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Opinion | The plague of the 'nice guys,' why people are not obligated to always say yes

Rachel's Reflections

By Rachel Sacks
On January 24, 2013

I highly doubt this is a phenomenon only I have experienced, as it is so commonly elaborated on and highly discussed on various television comedies, blog and Internet platforms, but since when has a guy being nice to a girl elicited that she return as a favor the promise of dating him?

Girls seem to be constantly complaining over the fact that nice guys don't exist anymore. "Where are all the nice guys?" is something commonly heard from girls after one more failed relationship or date occurs in their lives.

But what about the flip side of this scenario?

Let's say someone has been nothing but nice to you, helping you out when you ask and being generous. Then they work up the courage, take the plunge one day, ask you out-and you politely say no.

Suddenly, a flip has switched. They're no longer as nice to you, and you feel as if you've lost a friend.

I write about this specific situation because I have heard so many cases of this from others, and have experienced it myself.

But the worst part of this is that is seems as though everyone around asks, "why did you say no? You complain about not having a boyfriend/girlfriend/whatever, then say no to someone who asks you out? Why not give them a chance? You know it took a lot of courage for them to ask you out. It would be nice, or even honorable, of you to give them a chance and say yes."

It's as though you are expected and obligated to accept their invitation for a date simply because they were nice to you.

Now it may take some people more effort than others to work up the courage to ask someone out on a date, so I believe that if you do turn someone down you shouldn't be rude or mean about it.

But being nice to someone doesn't mean that they, especially females, return the prospect of a date or sex.

If we were to play some role reversal and put this situation in everyday, "normal" scenarios and explicitly state people's sexual orientations, we would find no obligation of favors.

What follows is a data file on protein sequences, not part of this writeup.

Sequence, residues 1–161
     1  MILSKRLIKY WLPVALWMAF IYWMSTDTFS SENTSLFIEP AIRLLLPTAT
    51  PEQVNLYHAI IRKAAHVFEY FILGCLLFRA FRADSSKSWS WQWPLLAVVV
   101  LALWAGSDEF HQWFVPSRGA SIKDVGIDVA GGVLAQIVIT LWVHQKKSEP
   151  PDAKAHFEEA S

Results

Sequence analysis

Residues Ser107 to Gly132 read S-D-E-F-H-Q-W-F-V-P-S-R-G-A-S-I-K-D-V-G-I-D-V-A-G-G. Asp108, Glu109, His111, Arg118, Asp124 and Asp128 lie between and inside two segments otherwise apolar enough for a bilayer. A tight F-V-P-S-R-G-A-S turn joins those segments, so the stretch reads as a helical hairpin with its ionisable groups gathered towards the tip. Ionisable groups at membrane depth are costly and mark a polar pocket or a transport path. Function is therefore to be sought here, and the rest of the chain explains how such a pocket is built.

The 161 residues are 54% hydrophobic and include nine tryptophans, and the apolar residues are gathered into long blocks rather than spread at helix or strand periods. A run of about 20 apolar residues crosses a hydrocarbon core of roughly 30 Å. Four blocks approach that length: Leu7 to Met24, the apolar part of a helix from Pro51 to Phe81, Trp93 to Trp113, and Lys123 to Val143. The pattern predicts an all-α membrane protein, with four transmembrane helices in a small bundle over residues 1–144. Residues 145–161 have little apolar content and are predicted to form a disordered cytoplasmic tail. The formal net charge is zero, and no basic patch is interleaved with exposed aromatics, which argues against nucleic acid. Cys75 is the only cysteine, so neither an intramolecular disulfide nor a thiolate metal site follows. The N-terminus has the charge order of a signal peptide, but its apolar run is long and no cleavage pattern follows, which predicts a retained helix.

A heterosexual girl being nice and friendly to another heterosexual girl would not expect any extra favors.

But when we look at a heterosexual girl and a heterosexual guy, more often than not, the girls may be expected to give something in return for the guy's gesture of human decency and kindness.

It's not dishonorable or disrespectful to say no to someone who asks you out on a date. Girls are not obligated to say yes to any and every guy who asks them out.

If girls are supposed to say yes when they get asked out, why is it even up for questioning?

We are taught to say no to anything that makes us feel uncomfortable in any way.

If one person doesn't feel an attraction or connection and they feel that they wouldn't be comfortable going on a date with the other person, they are allowed to say no.

If you want to take a chance on someone, then by all means say yes if they ask you out.

No one should be made to feel uncomfortable simply because they do not want to go out with a supposedly "nice" person.

If they were truly nice, they would respect that you do not wish to go out with them or may not reciprocate feelings.

Someone who is only nice in order to benefit themselves, or who drops any act of decency after you say no, is not looking out for your best interests.

Labels such as "nice guys" are arbitrary and completely meaningless and only serve to hinder any chance of social progression for equality.

We spend so much time labeling and judging people that we overlook or forget qualities that maybe we should spend more time finding in others and working on in ourselves.

Qualities such as kindness without expected mandatory reciprocation, honesty and respect for everyone.

To bring everything down to a simpler understanding of things, remember the golden rule: treat others as you would like to be treated.

Don't label those who choose to turn down a date even though the guy was "nice."

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